February 14, 2012 - In today's Ottawa Citizen, MLI's Brian Lee Crowley and Jason Clemens discuss the costs of an aging population. In particular, they focus on the need for health care reform. The column is based on the Macdonald-Laurier Institute's recent collected essays series examining the challenges and solutions to our aging society, Canada's Looming Fiscal Squeeze: Collected Essays on Solutions. It was also printed in the Calgary Herald. The full column is copied below:

Waiting for a health-care crisis

By Brian Lee Crowley and Jason Clemens, Ottawa Citizen, February 14, 2012

Canadians increasingly understand the costs an aging population will thrust on us all. Simply put, Canada, like all industrial nations, is facing a future fiscal squeeze born of slower growth in revenues coupled with pressure on government spending (especially health-care and retirement income programs). The challenge for Canadians is to muster the confidence to tackle these issues now instead of waiting until a crisis strikes. In particular, Canada will have to solve the challenge of our health-care system if we are to tackle the larger problem of the coming demographic fiscal crunch.

How high will be the costs imposed on Canadian society by an aging population? Noted economist Christopher Ragan has calculated that, on current spending trends and tax rates, the public sector deficit generated by aging would reach a little over four per cent of GDP in 2040, a figure over and above any deficits governments might run for other reasons. If we were running a deficit of that size today, it would be $67 billion.

The challenges facing our healthcare system are well known. Canada spends a lot, but doesn't get a lot. Our health care spending is some 11.4 per cent of GDP; that ranks us sixth among the industrialized countries with universal health care. Yet Canada ranks poorly on many key measures, such as access to doctors and medical technologies such as MRIs. We also fare poorly on wait times for medically necessary surgeries and procedures compared to other industrial countries. Thus, contrary to a widespread misconception, health-care in Canada is not "underfunded," but is rather "underperforming."

The problem is daunting. Canadians, however, have supported difficult reforms in the recent past (such as balancing the budget and fixing the CPP in the '90s) when political leaders have made a strong and reasoned case for them. The contentious and often emotional nature of debate regarding heath care means reform has so far eluded us. The hard reality, however, is that we cannot manage the costs of an aging population without fundamentally reforming - and improving - Canadian health care.

The Macdonald-Laurier Institute recently published five essays by leading Canadian thinkers on how best to deal with the looming demographic deficit. Three of the five essays included focused discussions and recommendations on healthcare spending.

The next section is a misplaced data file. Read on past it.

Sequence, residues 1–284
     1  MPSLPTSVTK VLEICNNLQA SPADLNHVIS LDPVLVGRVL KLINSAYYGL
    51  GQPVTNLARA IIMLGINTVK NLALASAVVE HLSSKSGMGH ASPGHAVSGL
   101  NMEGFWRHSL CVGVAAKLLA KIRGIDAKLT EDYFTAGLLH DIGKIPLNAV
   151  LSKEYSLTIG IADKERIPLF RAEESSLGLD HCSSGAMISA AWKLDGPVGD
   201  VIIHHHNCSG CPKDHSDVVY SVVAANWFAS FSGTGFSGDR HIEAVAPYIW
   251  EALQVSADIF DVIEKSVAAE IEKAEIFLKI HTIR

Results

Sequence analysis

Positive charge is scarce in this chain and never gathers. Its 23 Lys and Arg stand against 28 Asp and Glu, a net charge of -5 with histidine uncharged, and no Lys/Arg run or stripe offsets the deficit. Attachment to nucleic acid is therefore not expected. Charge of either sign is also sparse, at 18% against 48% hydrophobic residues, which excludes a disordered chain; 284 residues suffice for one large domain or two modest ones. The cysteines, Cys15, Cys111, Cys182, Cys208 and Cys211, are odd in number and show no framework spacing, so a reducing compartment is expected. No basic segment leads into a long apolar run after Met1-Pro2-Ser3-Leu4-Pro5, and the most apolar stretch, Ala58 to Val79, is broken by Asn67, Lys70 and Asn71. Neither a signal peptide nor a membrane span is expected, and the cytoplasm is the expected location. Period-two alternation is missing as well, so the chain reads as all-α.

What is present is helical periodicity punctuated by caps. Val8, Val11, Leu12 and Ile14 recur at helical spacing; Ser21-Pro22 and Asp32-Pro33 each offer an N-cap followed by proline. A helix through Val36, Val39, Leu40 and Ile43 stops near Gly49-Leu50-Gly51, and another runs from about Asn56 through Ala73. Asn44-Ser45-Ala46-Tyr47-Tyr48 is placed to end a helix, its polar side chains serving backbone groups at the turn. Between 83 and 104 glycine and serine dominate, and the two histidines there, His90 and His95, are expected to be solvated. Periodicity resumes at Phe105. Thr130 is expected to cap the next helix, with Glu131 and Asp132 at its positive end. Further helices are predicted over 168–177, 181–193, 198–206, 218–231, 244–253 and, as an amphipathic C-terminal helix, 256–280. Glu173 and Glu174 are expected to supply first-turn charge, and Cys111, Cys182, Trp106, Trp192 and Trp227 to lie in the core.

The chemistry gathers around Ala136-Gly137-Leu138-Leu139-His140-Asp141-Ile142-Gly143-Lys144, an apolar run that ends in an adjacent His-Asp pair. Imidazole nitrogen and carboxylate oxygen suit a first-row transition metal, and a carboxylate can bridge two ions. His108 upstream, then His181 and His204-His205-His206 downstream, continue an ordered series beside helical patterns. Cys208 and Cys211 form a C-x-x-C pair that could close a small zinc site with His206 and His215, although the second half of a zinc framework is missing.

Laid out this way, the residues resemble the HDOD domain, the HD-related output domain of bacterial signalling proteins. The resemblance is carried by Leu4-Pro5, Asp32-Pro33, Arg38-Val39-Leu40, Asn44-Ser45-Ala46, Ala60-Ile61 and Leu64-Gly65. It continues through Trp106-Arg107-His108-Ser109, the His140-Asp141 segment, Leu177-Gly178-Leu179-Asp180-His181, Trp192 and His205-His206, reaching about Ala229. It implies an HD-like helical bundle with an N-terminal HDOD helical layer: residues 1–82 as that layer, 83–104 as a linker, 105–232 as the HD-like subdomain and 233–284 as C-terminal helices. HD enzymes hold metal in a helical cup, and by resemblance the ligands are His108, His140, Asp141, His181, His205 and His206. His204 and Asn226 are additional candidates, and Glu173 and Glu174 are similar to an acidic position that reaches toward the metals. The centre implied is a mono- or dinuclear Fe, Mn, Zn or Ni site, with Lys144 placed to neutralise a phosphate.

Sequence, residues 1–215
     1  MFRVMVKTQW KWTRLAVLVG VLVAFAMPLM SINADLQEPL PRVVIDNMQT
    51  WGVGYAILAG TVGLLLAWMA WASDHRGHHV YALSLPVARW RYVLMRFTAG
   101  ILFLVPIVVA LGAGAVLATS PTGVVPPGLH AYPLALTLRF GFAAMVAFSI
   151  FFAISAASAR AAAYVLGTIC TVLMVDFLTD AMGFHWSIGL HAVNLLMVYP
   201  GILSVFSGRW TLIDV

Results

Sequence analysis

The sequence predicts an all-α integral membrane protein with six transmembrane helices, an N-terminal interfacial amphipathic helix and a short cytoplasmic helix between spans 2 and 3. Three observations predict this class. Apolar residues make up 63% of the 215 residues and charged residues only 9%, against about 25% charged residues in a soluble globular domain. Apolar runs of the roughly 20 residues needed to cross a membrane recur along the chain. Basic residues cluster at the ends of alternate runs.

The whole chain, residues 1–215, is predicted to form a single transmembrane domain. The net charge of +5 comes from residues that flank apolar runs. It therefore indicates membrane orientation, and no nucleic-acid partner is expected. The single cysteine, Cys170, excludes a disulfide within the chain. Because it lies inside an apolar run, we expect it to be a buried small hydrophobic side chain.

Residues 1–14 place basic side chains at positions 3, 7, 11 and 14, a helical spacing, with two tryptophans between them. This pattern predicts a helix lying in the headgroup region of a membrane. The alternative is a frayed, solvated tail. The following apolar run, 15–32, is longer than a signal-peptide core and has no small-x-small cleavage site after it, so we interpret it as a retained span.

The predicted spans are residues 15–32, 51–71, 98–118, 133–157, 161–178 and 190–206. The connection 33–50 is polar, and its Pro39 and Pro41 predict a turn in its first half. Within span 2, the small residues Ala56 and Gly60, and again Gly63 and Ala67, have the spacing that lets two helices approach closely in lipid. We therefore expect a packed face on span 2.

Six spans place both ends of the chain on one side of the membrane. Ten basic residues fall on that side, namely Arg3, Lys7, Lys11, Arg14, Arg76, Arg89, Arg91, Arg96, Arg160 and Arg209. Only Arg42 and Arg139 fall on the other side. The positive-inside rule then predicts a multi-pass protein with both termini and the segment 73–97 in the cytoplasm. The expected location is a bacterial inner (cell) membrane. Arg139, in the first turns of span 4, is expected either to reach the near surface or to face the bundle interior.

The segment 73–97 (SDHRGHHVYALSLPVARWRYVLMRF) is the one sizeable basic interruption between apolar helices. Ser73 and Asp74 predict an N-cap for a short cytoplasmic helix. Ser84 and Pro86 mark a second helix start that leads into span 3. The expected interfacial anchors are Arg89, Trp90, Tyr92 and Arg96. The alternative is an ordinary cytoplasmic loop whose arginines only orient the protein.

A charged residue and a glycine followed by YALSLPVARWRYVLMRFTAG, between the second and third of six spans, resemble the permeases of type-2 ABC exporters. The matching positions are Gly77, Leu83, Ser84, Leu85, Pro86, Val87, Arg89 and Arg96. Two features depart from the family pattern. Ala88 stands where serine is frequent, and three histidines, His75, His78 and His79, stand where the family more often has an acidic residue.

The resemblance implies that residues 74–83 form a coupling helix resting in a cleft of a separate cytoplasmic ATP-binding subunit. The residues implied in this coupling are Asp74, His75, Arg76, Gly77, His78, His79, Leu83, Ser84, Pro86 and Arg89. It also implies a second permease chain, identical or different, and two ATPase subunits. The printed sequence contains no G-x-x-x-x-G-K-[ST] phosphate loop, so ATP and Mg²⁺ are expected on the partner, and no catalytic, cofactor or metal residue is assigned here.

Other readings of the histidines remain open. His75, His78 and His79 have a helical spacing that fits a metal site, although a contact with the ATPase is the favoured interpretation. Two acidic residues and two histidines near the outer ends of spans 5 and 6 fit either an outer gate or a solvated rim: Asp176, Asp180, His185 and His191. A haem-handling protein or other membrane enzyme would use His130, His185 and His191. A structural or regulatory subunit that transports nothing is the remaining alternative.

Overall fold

For example, Professor Janice MacKinnon, finance minister under NDP Premier Roy Romanow when Saskatchewan wrestled so successfully with deficits and over-spending in the early 1990s, offered a bold look at needed reforms from her unique perspective.

MacKinnon, as always, didn't pull any punches: "the problem cannot be addressed without fundamentally changing our health care system and its funding." She suggests diverting services away from traditional hospitals, which in her words are "expensive, heavily unionized, and therefore difficult to manage efficiently." She believes private clinics, focusing on specialty care, can deliver better services at a lower cost.

She also wants patients diverted from expensive and crowded emergency rooms and other costly facilities to primary health clinics where family doctors - on salary rather than fee-for-service - would work as part of a team including physiotherapists, counsellors, nutritionists and others. Public-private partnerships should be used to build more long-term care facilities so that elderly patients can be cared for in less expensive purpose-built facilities. Professor MacKinnon's bluntness in identifying the problem and offering pragmatic, proven solutions provides a model for how Canadians and their governments can and should be debating health care reform today.

Also on the agenda in our series was the way we pay for health care. A consensus emerged that the old system, where most Canadians pay nothing out of pocket for publicly insured health-care services, would have to change. A range of possible reforms were suggested. Two contributors suggested making healthcare services a taxable benefit. Another suggestion was to allow patient copayments for medical services. All of the contributors agreed, however, that any reform needed to ensure accessibility for low-income households.

There is nothing mysterious about the arithmetic of an aging society. We will soon have fewer workers supporting more retired people who consume lots of public services, including health care. Left unreformed, our system will produce declining health-care quality, rising costs, and battered public finances. Wishful thinking will not resolve these challenges. Practical solutions that improve service quality and control costs are clearly available. But Canadians and their leaders must choose them, before less desirable choices choose us.

Brian Lee Crowley and Jason Clemens are the editors of the Macdonald-Laurier Institute's recent publication, Canada's Looming Fiscal Squeeze: Collected Essays on Solutions (macdonaldlaurier.ca).

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